Bell: Walking in the Opening Ceremonies was amazing. And then the moment when I finished my long was also really cool because there wasn’t a lot of people there physically watching in person, but there was like one half of the rink that was all the other athletes and they were so loud.

FSO: What did you think of your performances at the World Championships?

Bell: It was really interesting because we knew the field was going to be a little different (without the Russian athletes), but I tried not to focus on that too much. And it was really interesting because I think I speak for everyone when I say it was a long, tiring season. It was weird to be at the Olympics and then be like ‘Oh wait, but you’re competing again now.’ But I had a really great time. (My) short (program) was amazing. (My) long (program), I think, because it was the end of the season, I was a little fatigued. But I’m really proud of the long too. Obviously, it was a bummer to be so close to a medal and not get it, but I genuinely was so happy for Alysa (Liu) because I knew a least one American lady should have been on the podium at Worlds. So that was really, really cool.

FSO: What was like to finally skate your “Hallelujah” free skate at the World Championships, the program you had hoped to skate at the 2020 World Championships?

Bell: It was really amazing. It was so sad that Worlds (in Montreal) didn’t happen, but I’m fortunate in a way I guess because it really let me feel that I could do “Hallelujah” this year, which I think was the best year to do it. It was really amazing to get to do it at Worlds. I tried not to think too much about it because I was like, ‘Is this gonna be the last time I’m gonna do Hallelujah?’. But anytime I do it, I just really enjoy doing it. It was really special.

FSO: Have you given any thought on what your plans are for next season?

Bell: I really haven’t. I’m so honored that people are invested in knowing what I’m doing, but if I knew, I would say. I don’t think I’ll go for another four years, but another year is definitely a possibility, especially with no Russians skaters skating.

FSO: How does the ban on Russian athletes impact your decision on your future?

Bell: I think it opens up the door of possibility for a lot of skaters. I saw it (no Russian skaters) for myself at Worlds so that’s something that’s definitely on my mind. However, right now, I’m trying not to make too many decisions because I know it’s been a long season and I’m tired. But I know, for sure, I’ll never just walk away from skating. But I haven’t decided yet and I’ll wait till after the tour (to make a decision).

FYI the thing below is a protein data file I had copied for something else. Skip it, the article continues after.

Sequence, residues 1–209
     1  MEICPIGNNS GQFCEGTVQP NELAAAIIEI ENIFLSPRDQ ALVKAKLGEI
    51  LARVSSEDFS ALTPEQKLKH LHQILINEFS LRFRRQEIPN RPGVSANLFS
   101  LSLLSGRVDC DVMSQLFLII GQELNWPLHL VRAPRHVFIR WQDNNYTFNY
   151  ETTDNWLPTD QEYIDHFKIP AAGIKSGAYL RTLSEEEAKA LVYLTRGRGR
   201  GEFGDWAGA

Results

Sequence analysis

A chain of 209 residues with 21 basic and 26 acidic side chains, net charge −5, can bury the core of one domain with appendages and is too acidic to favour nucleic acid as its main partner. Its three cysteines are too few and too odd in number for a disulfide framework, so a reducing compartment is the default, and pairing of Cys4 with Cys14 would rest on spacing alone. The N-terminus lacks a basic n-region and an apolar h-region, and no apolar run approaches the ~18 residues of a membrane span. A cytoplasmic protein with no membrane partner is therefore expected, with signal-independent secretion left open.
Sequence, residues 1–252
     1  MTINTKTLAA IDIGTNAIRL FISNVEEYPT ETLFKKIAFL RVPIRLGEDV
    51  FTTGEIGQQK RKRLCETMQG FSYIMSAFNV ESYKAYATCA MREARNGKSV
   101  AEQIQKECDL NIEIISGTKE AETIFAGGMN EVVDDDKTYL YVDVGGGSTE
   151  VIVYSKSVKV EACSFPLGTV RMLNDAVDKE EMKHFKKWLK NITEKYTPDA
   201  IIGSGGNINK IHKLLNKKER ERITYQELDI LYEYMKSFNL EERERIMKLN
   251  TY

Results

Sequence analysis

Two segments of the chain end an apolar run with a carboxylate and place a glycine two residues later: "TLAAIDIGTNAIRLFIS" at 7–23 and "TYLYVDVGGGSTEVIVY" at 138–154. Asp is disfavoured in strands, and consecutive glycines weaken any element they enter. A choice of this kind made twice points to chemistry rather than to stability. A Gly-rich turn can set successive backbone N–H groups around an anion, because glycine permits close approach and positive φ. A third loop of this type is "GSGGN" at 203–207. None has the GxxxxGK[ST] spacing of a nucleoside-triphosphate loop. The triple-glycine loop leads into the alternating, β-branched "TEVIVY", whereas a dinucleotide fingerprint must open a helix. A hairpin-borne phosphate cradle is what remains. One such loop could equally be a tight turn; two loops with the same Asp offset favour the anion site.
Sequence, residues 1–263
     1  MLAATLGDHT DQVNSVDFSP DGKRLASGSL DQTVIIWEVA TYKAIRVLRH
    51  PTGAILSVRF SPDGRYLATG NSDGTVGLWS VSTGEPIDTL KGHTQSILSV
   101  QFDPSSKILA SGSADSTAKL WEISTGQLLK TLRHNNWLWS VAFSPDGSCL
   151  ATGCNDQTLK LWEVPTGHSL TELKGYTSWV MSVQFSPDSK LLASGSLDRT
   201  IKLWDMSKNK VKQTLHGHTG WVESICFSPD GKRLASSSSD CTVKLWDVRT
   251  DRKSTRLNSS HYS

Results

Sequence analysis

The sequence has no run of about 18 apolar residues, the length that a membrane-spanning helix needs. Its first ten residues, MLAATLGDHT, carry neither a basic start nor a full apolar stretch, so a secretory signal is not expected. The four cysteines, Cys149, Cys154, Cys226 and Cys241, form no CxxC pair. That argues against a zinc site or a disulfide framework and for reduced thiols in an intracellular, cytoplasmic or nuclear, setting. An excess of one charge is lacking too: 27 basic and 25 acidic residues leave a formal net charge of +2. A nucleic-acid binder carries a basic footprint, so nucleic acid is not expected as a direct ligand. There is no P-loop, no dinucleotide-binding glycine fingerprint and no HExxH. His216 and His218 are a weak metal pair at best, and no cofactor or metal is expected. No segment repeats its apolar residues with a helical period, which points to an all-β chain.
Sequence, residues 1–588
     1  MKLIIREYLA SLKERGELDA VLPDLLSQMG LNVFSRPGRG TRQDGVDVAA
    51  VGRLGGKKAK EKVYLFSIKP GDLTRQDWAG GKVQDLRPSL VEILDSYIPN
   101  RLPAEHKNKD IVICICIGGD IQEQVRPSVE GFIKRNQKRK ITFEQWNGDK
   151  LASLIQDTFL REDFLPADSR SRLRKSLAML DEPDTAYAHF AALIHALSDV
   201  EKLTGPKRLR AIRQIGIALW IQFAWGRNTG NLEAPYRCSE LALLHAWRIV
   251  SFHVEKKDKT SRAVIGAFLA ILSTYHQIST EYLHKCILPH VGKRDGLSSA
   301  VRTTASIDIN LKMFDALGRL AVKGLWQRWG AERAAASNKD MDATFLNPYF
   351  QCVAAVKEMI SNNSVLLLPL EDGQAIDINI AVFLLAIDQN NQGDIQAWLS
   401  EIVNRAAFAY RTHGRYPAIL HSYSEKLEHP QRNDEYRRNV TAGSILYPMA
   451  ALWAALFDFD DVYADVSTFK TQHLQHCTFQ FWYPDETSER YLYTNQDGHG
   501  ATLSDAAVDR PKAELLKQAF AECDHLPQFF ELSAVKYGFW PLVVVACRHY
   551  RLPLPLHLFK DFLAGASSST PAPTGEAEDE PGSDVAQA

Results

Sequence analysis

FSO: Any plans for college?

Bell: I went to the University of Colorado at Colorado Springs for a few classes before I moved to California for training so I definitely want to go back to college. I have no idea what to study, but that obviously the next thing. It’s fun to think of other opportunities now. There’s a lot of things that I’ve done in skating that I’m still proud of and they were some of my biggest goals. So whatever I do, if I keep skating or not, like I know, it’ll be really exciting the next couple of years.

FSO: What do you think of the future of the U.S. women’s figure skating going forward, especially with the retirement of Alysa Liu and with your plans unknown? How do you think the U.S. women stack up internationally?

Bell: We just saw Isabeau (Levito) win Junior Worlds, so that is incredible. We don’t know what is going to happen long term with the Russian skaters. It is kind of a big question mark. But at least for the next two years, we’re very very competitive. I think you can take anyone, in the top six or seven at U.S. Nationals, and they will do well internationally, given the field that we have now. So it will be really exciting. I mean, every four years, no matter what if people keep skating or not, there’s a new kind of layer of skaters that kind of move up so it’ll be exciting to see what happens there. I don’t think a junior lady has won Junior Worlds in quite a while.

FSO: Rachael Flatt was the last U.S. woman to win Junior Worlds in 2008.

Bell: So it (Levito winning Junior Worlds) is really promising and exciting.